How Tony Soprano Got Into the Mob Business. Or, How the Attorney General’s Parens Patriae Case Stayed in State Court

Illinois v. AU Optronics Corp., et al, No. 10-5720, 2011 WL 2214034 (N.D. Ill. June 6, 2011).

Tony Soprano, a not so gentle giant, always recognized a good business opportunity when he saw one. During the week before the Super Bowl between the New Orleans Saints and the Indianapolis Colts, Tony decided he wanted to sell televisions on the black market. Tony called his cousin, who called his brother, who called his mother, who called his friend, Christopher, to tell him to get some televisions, regardless of who he had to kill…literally. Christopher ended up scoring a truck full of TVs within the next hour. The details of how Christopher acquired these TVs shall remain unannounced, as I fear for the lives of my family.

Tony and Christopher got together and came up with the brilliant business idea to sell their TVs at a rate higher than everyone else in the black market because they knew they were the only ones who had these very special TVs. However, when some of their customers found out they had (unknowingly) conspired to raise the prices, they were not too happy but knew not to mess with a mobster, at least not without involving the Illinois state court system.

After the State Attorney General sued Tony and Christopher, they decided they wanted to get into federal court so they looked to CAFA to help get the case removed to federal court. However, they had to jump through two hoops in order to get there.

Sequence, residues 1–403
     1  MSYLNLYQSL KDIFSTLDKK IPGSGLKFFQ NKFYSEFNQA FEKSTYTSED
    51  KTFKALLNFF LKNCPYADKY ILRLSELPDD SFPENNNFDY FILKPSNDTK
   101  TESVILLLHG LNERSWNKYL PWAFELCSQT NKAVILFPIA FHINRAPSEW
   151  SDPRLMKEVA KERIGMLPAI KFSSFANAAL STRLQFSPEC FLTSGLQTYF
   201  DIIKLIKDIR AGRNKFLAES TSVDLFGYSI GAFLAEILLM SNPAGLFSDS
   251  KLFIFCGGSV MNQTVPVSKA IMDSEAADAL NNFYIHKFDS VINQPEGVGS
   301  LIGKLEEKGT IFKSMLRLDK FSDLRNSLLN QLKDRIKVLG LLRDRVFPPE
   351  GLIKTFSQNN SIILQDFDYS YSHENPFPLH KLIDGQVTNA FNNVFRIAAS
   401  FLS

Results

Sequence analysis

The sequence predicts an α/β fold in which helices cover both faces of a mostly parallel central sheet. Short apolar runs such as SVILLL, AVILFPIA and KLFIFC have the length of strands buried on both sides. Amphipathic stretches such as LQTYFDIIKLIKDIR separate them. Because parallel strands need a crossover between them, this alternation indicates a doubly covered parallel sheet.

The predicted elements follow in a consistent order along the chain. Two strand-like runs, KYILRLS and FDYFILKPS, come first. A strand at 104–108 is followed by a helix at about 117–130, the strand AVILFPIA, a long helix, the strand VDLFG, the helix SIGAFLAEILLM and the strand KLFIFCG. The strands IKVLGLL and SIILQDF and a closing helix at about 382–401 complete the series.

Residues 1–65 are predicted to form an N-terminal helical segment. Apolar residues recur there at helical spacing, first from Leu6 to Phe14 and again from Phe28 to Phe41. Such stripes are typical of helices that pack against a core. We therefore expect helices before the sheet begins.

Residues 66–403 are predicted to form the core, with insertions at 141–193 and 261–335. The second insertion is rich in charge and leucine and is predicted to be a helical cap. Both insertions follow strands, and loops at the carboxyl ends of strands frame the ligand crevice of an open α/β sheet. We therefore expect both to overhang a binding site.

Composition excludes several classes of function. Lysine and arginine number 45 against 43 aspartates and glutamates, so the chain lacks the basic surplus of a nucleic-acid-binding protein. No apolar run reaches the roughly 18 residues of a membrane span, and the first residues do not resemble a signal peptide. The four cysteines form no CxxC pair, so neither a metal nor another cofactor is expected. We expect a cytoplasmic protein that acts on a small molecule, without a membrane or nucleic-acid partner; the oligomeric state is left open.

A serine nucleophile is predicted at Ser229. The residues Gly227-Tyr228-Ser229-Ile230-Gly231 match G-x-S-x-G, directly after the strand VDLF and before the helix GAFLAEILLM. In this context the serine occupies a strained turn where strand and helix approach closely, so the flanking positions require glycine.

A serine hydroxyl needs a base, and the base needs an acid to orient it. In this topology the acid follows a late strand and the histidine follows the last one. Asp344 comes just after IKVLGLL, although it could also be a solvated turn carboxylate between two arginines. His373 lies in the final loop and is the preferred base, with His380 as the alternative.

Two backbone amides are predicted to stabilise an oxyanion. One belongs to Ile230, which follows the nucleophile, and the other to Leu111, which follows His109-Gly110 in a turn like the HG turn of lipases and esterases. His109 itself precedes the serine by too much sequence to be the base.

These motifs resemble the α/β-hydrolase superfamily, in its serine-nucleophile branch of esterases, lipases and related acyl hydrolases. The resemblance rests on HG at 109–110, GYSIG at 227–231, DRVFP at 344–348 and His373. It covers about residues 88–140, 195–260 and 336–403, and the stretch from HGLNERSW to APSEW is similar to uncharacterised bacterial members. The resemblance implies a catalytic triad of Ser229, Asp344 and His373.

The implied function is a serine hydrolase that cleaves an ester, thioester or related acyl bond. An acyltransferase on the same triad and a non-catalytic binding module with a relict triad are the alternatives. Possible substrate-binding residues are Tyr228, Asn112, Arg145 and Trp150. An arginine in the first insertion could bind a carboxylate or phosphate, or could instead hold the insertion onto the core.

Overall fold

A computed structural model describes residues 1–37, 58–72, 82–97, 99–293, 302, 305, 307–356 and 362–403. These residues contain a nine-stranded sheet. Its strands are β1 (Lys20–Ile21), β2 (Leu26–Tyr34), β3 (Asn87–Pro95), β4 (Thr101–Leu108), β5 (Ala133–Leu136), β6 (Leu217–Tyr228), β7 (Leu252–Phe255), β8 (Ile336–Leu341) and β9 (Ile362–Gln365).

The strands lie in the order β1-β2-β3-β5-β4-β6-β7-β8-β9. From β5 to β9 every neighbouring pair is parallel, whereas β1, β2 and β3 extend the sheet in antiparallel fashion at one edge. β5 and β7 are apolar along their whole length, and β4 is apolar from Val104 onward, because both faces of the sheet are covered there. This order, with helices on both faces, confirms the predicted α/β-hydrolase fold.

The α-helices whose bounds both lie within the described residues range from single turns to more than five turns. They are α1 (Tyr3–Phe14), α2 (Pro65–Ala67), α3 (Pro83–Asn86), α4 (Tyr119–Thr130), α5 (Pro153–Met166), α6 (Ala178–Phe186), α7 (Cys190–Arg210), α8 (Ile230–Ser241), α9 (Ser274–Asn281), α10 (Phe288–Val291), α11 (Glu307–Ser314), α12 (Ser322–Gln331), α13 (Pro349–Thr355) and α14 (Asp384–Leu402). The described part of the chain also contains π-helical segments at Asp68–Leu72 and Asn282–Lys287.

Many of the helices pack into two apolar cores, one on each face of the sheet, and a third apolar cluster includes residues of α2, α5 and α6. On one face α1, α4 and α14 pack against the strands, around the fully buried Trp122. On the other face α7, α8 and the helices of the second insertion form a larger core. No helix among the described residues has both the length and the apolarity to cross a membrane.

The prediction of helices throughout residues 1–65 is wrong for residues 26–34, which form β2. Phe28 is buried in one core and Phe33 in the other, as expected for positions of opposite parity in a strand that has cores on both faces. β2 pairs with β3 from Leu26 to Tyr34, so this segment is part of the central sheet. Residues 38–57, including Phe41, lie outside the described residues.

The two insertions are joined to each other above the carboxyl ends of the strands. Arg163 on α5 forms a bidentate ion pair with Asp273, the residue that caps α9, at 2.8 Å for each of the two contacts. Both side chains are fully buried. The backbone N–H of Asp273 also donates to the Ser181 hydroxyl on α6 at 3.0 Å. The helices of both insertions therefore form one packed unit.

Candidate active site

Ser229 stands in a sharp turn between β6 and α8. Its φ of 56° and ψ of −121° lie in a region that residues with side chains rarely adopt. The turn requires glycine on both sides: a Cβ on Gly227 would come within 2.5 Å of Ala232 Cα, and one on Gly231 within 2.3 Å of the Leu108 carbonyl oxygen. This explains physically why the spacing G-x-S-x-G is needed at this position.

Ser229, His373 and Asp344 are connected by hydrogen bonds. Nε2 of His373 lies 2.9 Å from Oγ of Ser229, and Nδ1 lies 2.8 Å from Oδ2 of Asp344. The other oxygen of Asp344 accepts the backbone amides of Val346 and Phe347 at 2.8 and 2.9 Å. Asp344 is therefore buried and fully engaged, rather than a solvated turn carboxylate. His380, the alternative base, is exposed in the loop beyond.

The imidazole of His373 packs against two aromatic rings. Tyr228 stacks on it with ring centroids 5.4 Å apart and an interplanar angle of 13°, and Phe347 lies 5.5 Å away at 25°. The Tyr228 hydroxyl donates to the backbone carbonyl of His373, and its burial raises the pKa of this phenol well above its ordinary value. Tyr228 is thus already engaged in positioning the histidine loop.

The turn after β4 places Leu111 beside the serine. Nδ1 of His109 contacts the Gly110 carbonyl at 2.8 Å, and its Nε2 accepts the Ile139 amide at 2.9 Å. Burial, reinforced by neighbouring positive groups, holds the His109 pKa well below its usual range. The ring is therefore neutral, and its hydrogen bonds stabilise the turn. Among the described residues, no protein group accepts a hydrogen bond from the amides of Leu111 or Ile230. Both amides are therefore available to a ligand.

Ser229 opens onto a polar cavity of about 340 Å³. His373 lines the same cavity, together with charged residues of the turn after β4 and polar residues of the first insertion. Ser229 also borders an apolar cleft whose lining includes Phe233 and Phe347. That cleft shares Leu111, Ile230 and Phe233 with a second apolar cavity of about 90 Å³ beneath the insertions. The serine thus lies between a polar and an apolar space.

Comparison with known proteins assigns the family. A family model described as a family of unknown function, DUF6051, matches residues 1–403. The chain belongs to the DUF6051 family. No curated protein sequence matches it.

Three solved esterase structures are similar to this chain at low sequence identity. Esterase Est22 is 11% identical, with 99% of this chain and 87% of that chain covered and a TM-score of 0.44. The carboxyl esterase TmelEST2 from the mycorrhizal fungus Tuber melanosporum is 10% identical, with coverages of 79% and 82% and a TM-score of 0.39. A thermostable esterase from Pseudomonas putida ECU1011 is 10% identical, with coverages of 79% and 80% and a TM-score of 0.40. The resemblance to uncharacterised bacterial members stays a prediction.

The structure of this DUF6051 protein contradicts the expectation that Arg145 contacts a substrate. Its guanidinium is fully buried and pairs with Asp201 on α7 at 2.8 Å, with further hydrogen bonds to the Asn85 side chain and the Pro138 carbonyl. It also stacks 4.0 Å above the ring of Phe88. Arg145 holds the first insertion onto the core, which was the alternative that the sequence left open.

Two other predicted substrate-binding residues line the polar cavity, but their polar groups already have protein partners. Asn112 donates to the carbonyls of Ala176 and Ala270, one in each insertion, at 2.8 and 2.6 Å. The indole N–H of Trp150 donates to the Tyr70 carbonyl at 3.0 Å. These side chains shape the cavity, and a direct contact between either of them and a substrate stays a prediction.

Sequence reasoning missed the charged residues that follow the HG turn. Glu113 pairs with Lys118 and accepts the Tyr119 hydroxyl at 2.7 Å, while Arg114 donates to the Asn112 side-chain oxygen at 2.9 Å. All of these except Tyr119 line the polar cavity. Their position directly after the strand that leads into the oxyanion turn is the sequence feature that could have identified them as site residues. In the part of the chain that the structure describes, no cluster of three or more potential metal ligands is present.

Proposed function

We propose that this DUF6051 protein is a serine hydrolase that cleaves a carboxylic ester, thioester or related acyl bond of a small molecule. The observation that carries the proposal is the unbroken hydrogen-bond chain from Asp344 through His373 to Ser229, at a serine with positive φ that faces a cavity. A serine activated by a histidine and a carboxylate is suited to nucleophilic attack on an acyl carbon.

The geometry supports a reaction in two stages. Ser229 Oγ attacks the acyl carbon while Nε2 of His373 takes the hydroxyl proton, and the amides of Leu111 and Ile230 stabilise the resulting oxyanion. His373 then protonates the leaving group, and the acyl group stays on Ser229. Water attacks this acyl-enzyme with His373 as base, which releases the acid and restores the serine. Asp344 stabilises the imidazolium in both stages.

The first CAFA hoop was the requirement of minimal diversity of citizenship among the parties. Tony knew that the Attorney General was not part of his extended family, so he thought he had this number nailed. However, the court disagreed because the State of Illinois had a quasi-sovereign interest in bringing suit and, therefore, the State was a real party in interest in the case and is not merely a nominal party bringing claims on its residents behalves. Therefore, as a State, it does not meet the requirement of being a citizen, as required by CAFA.

Second, an action removable under CAFA also must meet the definition of “class action” or “mass action.” Tony knew he was a man of both class and mass. However, the court seemed to disagree. The State Attorney General convinced the court that the lawsuit was not a class action or a mass action because it was not a private suit brought on behalf of private interests but was rather brought by a state entity on behalf of the general public and was a parens patriae suit (which Tony of course did not understand because apparently they don’t teach this foreign term in mob school.)

As a result, Tony’s case remained in state court. Since he was not able to make it to the federal courtroom, he realized he never wanted to be sued again so he made sure he had his family “take care of business” whenever a problem arose. In the future, Tony lived happily ever after (which is more than can be said about those people who crossed Tony or his family members down the line!)

(Editors’ Note: Our regular readers know that the CAFA Law Blog will occasionally take liberties with the facts of a case to make reading mundane cases more enjoyable. Consequently, our regular readers do not need this disclaimer. However, so new readers are not shocked to learn that the facts above do not directly correlate with the facts set forth in the opinion, we will state explicitly that we took literary license with the facts of this case somewhat. Now fuggaboutit.)

Hillary Barnett

(Editors’ Note: On a serious note…this case is one of several parens patriae cases that are discussed in a very scholarly article entitled “Removal of Attorney General Actions Under the Class Action Fairness Act of 2005,” BNA, Inc. Class Action Litigation Report, Vol. 12, No. 9, May 13, 2011. This article will give you a road map to remove similar AG actions. It was written by our very own Anthony Rollo and Michael Ferachi).